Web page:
5 Ways to Keep My Son Entertained in the Garden
I've been trying to create some order out of the chaos that exists in the gardens surrounding our house. The biggest hurdle is not my total lack of knowledge about gardening so much as it is knowing how to negotiate two kids in our unfenced property while trying to accomplish something. Much to my surprise and delight, however, my three-year-old son loves gardening. By 8 a.m. he's at the door, begging to go out. The result is that he's fairly easy to keep track of because he's so intrigued by what I'm doing. These are my tricks for keeping him entertained.
1. The Garden Hose
This is his tool of choice. By the end of an hour outside, he is completely soaked from head to toe, and insists on taking off his wet clothes. Any sort of watering usually concludes with an argument that goes like this: "No, please leave your clothes on." "But I want to be naaaaaked!" Warning: He takes perverse delight in soaking me, too.
2. Trowels and Shovels
The small garden trowel delights the toddler because it looks as if it was made especially for him. The problem, though, is that he doesn't know when to stop digging. He is indiscriminate while digging up both good and bad plants, and I must be constantly vigilant -- though I'm not much better at knowing which is which.
Little seedlings delight him. He wants to fondle and caress them, which of course they're not strong enough to handle, and we have lost a number of baby plants to his over-enthusiastically affectionate advances. Once planted in the ground, he still wants to touch them and trample them. A few have required emergency first-aid intervention. My plant vigilance has now extended to protecting the not-yet-ripe tomatoes which he thinks are delectable.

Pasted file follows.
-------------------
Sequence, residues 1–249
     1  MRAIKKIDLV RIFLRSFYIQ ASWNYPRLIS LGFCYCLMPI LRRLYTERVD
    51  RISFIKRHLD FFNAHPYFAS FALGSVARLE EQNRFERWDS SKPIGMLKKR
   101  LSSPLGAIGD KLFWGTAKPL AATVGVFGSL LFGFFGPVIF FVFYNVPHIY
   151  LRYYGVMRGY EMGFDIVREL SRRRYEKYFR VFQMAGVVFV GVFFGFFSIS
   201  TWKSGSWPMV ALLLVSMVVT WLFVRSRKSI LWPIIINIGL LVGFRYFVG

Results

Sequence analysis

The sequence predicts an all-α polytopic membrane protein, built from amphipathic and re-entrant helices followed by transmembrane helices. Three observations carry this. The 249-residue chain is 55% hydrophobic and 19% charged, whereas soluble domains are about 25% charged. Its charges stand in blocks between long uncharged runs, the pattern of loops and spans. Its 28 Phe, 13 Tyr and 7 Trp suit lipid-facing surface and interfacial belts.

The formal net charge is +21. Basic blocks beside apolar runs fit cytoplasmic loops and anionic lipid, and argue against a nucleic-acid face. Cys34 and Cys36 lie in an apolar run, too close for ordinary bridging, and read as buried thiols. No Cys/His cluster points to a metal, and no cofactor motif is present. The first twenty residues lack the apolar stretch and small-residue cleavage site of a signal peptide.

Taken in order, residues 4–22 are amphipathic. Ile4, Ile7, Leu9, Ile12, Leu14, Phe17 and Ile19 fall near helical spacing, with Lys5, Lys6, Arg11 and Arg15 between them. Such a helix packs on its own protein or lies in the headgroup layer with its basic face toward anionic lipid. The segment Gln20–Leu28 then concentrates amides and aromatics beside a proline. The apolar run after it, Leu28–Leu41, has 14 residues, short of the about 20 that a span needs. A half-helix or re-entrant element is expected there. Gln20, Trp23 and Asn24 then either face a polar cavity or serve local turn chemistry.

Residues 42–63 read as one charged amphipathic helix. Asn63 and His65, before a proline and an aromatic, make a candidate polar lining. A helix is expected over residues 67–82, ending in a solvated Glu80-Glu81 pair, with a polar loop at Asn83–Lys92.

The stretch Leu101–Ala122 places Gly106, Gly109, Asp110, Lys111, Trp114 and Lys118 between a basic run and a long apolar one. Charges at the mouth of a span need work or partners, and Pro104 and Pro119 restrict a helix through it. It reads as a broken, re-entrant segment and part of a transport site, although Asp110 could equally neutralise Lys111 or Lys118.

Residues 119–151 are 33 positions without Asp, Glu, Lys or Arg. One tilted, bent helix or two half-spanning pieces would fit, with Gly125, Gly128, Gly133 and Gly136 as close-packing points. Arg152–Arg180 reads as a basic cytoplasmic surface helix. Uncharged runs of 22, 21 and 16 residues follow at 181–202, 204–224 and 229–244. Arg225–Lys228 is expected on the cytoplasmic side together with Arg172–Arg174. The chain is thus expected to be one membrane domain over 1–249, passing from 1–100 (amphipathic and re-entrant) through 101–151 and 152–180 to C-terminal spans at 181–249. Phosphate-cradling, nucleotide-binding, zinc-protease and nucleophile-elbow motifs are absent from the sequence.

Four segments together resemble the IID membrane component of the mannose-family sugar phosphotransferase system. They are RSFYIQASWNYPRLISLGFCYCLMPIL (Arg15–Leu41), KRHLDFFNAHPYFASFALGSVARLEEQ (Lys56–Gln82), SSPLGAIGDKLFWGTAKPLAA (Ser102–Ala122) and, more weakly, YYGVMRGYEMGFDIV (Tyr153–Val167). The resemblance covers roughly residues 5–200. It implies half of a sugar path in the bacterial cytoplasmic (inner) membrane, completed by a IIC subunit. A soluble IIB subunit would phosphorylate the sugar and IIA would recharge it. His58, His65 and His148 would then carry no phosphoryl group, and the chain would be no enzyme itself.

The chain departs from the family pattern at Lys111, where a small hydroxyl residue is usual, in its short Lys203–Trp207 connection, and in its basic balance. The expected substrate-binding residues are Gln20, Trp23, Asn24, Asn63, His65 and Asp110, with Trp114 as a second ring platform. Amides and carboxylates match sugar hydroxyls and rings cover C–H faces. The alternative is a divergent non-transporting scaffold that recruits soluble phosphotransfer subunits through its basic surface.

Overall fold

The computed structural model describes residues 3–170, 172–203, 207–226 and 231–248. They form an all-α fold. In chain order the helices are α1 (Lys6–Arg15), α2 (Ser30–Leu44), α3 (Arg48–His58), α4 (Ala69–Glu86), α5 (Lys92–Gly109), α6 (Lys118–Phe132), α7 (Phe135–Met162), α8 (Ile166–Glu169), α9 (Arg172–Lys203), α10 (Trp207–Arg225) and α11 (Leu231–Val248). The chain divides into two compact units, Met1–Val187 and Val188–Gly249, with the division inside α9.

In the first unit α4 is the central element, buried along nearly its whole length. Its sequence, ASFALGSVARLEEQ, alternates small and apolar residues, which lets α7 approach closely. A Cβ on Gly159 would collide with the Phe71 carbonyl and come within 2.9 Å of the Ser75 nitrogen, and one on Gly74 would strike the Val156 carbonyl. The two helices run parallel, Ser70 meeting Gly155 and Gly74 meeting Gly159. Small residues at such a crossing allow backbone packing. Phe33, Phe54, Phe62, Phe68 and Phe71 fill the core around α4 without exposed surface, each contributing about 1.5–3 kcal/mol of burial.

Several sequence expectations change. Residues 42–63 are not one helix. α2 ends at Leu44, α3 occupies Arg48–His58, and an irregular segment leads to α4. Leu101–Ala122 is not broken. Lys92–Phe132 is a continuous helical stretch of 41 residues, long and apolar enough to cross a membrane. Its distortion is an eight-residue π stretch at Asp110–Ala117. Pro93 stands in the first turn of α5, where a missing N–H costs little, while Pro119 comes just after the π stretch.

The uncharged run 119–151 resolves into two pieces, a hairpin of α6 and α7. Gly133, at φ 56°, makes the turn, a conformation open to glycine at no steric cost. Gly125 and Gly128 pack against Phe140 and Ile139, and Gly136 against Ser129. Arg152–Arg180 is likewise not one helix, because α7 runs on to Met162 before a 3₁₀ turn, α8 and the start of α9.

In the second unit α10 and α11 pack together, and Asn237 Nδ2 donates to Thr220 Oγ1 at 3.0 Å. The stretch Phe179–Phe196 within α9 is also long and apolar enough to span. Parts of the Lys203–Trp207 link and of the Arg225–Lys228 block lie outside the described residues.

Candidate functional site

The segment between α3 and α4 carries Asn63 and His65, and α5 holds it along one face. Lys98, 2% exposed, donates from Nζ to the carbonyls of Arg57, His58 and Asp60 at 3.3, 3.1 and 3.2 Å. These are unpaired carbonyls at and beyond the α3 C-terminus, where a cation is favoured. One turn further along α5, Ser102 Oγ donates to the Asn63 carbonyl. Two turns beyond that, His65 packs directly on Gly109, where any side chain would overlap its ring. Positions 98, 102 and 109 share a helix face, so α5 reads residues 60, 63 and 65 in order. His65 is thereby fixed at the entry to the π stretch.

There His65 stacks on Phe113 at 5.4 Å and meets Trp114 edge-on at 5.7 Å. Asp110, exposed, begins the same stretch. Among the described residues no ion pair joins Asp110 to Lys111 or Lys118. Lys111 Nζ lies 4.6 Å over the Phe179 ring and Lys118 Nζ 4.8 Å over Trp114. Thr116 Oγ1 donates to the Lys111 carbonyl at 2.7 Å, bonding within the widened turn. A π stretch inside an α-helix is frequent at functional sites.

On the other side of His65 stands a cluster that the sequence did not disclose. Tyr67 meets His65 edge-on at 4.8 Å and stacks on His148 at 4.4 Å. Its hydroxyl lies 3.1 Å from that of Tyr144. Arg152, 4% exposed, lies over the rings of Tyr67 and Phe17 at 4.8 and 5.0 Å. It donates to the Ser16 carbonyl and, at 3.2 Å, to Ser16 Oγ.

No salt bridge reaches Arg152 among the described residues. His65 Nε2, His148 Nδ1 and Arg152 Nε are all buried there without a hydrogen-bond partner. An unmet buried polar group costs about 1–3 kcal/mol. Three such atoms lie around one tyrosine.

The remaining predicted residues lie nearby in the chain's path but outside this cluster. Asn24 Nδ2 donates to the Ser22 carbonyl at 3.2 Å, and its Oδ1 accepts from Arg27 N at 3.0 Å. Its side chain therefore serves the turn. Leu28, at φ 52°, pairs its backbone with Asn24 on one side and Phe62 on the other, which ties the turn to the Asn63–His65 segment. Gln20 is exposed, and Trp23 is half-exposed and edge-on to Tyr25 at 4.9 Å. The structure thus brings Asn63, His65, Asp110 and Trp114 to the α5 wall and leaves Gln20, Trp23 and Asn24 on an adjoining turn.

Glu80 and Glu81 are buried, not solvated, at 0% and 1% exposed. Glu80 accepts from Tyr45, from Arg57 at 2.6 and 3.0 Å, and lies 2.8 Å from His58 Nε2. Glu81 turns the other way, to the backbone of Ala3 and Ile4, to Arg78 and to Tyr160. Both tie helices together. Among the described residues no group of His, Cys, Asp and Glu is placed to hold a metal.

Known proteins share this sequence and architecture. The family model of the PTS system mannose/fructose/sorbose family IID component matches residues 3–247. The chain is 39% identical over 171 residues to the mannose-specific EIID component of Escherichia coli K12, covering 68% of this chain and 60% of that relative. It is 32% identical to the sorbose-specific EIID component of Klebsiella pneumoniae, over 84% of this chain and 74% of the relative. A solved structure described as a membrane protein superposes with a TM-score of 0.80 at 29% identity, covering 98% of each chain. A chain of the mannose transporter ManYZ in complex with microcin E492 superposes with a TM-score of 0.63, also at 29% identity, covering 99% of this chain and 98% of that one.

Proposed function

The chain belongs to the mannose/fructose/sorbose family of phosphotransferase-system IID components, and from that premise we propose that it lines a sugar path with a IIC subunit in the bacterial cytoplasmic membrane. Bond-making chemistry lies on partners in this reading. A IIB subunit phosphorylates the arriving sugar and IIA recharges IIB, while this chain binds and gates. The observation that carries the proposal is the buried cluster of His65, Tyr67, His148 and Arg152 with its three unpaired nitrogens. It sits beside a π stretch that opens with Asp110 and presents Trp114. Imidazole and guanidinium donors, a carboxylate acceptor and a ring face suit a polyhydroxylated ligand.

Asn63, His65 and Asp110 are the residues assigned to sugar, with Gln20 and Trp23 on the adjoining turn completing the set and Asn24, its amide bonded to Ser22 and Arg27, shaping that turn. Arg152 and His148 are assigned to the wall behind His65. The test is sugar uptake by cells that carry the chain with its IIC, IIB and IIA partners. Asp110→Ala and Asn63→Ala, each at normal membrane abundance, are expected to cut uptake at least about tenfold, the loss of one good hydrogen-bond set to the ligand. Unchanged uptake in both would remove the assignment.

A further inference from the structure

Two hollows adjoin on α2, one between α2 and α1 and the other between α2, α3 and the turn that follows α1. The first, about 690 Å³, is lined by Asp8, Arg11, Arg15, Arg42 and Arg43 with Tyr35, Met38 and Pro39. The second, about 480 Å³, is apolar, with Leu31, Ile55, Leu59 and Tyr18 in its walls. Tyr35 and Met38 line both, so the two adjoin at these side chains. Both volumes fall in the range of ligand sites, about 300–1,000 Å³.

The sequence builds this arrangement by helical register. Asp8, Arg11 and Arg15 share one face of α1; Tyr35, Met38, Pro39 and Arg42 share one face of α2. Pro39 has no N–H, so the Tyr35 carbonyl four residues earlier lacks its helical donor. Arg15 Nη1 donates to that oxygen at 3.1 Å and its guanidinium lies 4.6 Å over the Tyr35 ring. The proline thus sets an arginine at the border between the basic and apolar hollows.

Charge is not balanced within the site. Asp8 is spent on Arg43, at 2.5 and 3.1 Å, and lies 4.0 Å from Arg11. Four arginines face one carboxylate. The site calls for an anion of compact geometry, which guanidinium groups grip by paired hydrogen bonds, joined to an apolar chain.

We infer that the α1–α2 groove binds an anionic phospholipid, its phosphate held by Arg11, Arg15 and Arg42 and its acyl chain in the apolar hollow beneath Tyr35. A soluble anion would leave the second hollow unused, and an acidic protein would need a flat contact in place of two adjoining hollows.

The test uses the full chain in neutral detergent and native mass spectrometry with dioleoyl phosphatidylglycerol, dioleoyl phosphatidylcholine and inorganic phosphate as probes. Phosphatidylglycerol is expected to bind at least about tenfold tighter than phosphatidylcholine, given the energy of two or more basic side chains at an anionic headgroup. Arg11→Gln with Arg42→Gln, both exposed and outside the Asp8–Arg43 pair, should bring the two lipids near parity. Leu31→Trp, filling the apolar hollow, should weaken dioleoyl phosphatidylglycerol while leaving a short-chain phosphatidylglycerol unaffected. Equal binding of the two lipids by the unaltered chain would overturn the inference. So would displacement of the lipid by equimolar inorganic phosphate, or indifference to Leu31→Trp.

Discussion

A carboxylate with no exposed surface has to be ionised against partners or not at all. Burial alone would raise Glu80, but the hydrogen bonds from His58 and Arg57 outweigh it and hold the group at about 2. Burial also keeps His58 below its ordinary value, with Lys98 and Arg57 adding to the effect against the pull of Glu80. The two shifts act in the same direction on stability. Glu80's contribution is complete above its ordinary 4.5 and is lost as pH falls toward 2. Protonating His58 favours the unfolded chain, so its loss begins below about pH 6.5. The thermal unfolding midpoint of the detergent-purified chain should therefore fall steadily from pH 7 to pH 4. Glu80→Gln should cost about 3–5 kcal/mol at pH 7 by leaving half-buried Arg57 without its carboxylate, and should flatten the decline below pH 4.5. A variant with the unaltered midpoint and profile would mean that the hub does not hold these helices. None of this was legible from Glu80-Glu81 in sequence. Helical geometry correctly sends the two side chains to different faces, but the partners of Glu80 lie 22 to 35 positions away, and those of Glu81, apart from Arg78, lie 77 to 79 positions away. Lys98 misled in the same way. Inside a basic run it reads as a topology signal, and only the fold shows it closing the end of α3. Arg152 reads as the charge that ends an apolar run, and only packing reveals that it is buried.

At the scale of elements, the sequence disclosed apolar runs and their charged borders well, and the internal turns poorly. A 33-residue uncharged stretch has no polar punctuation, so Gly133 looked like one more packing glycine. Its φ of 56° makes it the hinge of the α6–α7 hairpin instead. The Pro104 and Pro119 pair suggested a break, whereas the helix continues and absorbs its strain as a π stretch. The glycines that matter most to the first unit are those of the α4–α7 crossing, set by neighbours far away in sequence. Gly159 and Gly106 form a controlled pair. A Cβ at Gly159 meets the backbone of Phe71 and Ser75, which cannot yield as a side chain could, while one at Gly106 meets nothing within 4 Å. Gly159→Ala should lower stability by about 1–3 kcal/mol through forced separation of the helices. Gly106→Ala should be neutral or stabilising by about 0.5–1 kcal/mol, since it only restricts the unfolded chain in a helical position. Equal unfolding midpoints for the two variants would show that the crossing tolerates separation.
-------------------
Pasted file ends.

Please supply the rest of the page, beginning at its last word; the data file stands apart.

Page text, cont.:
It's amazing how many creatures my son spots in an hour of gardening. He loves earthworms and usually asks me to find one as soon as we get outside, which I oblige as long as he promises never to try eating one again. He spies beetles and collects snails, chases robins and butterflies and the odd neighbourhood cat, mimics the mourning dove, watches the squirrels and spider webs. He even saw some baby robins learn to fly.
5. Transportation of Garden Refuse
This is where my son really excels. As I clean out handfuls of weeds, dead plants, leaves, and sticks, tossing them behind me onto the grass, his job is to load everything into his wagon. He takes this job very seriously and remains focused for as long as it takes, picking up each and every stick.
It's a mutually beneficial situation: we get nicer-looking gardens because of the attention I can give them, he burns off energy and gets fresh air, and the baby has a long, uninterrupted nap when we're outside and the house is silent. It doesn't get much better than that.
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